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Condoms in porn: Moving industry out of state could be difficult

January 19, 2012 |  7:12 am

Porn filmmaking
Threats by porn firms to leave California after the L.A. City Council voted to mandate condom use in porn films could be difficult because such filming is legal in just two states -- California and New Hampshire.

A ruling by the California Supreme Court effectively legalized the making of adult films in a landmark 1988 case, which came just as VCRs allowed people to watch explicit movies at home.

New Hampshire’s highest court made a similar ruling only recently, in 2008.

The California ruling is a key reason why L.A. became the capital of the multibillion-dollar porn business. The justices defended the right of film producers to recruit people to act in sexually explicit movies, making it impossible for police and district attorneys to prosecute producers of pornography on charges of soliciting people to engage in prostitution.

The California case stemmed from the conviction in 1985 of Harold Freeman, who had faced a possible prison term for hiring actresses for up to $800 a day to perform explicit sex acts in a movie called “Caught from Behind II,” according to Times coverage at the time.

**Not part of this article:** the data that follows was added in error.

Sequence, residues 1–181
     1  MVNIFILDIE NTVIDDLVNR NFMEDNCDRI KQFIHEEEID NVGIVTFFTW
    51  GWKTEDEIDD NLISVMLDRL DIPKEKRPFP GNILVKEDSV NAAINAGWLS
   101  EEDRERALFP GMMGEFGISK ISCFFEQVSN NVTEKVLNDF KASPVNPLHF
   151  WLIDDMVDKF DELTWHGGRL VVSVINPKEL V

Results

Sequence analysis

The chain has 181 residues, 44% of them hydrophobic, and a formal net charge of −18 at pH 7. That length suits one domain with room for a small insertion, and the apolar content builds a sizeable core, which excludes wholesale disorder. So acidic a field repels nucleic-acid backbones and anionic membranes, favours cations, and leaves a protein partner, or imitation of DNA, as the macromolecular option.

The court dismissed prosecutors’ argument that the porn performers were prostitutes. Rather, the justices ruled they were being paid to act for the purposes of making a film, and not to sexually arouse or gratify the film producer, which is an element of prostitution.

Meanwhile, the New Hampshire Supreme Court in 2008 said a person who was recruiting talent for a porn film should not have been prosecuted under anti-prostitution laws.

Those court rulings are one reason why the president of the AIDS Healthcare Foundation, Michael Weinstein, said he finds it unlikely that the porn companies will move out of California.

But attorney Marc J. Randazza of Las Vegas, whose clients include a porn firm, said he finds it entirely possible that adult film companies in L.A. could relocate to Nevada.

Randazza said he would find it hard to believe that a district attorney in Nevada would target porn producers in a state that permits legalized prostitution in some areas.

But if many porn productions did move to Sin City, the AIDS Healthcare Foundation promised to take the condoms-in-porn issue there.

“When the industry says, ‘We’ll go to Nevada,’ we vowed we will follow them,” said foundation spokesman Ged Kenslea.

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-- Rong-Gong Lin II

Photo: An editor works on a video at porn firm Vivid's headquarters in 2007. Credit: Ken Hively / Los Angeles Times

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